The Lanham Act and Unregistered Trademarks

Many business owners and managers will tell you that you should register a trademark with the U.S. Patent and Trademark Office. By doing so you are protecting your brand and business, in addition to having extensive legal leverage should you ever need it.

However, not all businesses take heed of this advice and they fail to register their trademark. The good news is that both federal and state laws provide legal protection for unregistered trademarks. In this article, we’ll dive into what exactly a trademark is, the Lanham Act, and what protections exist for unregistered trademarks in the United States.

What is a Trademark?

A trademark is a word, phrase, symbol, and/or design that identifies and distinguishes the source of the goods of one seller from those of others. A trademark is essentially a brand name.

Should I Register My Trademark?

Currently there are no federal mandates requiring trademark registration. Nevertheless, it is wise to register your trademark as you’ll be able to reap the benefits of having a registered trademark. Registering a trademark provides the following advantages:

  • Gives notice to the public of you claim of ownership of the mark
  • Provides legal presumption of ownership nationwide
  • Gives exclusive rights to use the mark on/in connection with the goods/services listed in the registration.
trademark law

What is the Lanham Act?

The Lanham Act is a federal trademark statute designed to protect the owner(s) of a federally registered mark against the use of similar marks if such use causes, or could cause, consumer confusion. The Lanham Act prohibits false advertising, trademark dilution, and trademark infringement. Furthermore, the Lanham Act prevents other companies/individuals from using the registered logo, symbol, phrase, word, design.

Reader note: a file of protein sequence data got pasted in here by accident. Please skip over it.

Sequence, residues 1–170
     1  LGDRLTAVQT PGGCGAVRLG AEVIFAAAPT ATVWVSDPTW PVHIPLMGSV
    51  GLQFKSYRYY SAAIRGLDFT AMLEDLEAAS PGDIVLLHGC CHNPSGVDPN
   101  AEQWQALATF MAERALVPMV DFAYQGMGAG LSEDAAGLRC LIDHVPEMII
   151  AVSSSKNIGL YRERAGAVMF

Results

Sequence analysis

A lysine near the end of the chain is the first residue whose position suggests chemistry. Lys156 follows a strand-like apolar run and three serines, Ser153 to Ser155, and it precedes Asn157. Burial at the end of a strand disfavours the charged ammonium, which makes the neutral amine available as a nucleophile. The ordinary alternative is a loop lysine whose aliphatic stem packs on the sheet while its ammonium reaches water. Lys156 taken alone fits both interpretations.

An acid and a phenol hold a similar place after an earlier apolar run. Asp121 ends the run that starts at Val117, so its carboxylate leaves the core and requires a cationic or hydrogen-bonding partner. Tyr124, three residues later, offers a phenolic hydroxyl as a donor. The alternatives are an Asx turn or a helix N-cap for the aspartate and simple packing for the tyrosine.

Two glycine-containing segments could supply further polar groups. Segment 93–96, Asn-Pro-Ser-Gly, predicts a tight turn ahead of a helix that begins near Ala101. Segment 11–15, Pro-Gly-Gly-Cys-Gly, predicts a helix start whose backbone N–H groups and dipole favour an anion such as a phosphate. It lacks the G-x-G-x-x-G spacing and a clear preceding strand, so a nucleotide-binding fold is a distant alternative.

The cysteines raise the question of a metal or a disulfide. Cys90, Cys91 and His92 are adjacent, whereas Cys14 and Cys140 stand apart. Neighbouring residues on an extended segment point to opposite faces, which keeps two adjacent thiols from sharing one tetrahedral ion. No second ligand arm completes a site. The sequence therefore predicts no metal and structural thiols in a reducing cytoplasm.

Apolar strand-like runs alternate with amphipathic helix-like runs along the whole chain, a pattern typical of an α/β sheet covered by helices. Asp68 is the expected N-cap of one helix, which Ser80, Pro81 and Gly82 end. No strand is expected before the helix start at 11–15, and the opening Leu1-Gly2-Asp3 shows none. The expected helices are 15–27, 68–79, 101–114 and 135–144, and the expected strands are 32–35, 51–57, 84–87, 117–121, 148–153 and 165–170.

Can I file a Lawsuit Under the Lanham Act if I do not have a Registered Trademark?

While federal law does not require all trademarks to be registered in order to obtain legal protection, e to file suit under the Lanham Act and to receive the full benefit of a federally registered trademark, the mark should be registered with the USPTO. However, an unregistered trademark, also known as a common law trademark, is enforceable in both state and federal courts. However, a common law trademark suit is limited to the geographical area in which the trademark is used, or widely known by consumers. In order to bring a common law trademark claim, the trademark holder must show that the mark is distinctive among nationwide consumers an it is used in commerce.

What Protections are Available for an Unregistered Trademark?

While registered trademarks provide a higher level of protection, there are certain safeguards in place for unregistered trademarks. In the event that a common-law trademark owner discovers that someone else is using their mark, they may seek an injunction to stop this unauthorized use. A majority of states will not award damages for infringement of an unregistered trademark or recovery of attorneys’ fees. However, trademark laws vary from state to state.

Nardiello Law: Experts in Trademark Law

Nardiello Law is the leading lawyer in trademark, intellectual property, and copyright law in the United States. Based on New York and Texas, Nardiello Law is also known around the world with experience in handling international IP law. If you have a question about your trademark, or if you believe your trademark rights are being infringed upon, contact Nardiello Law today.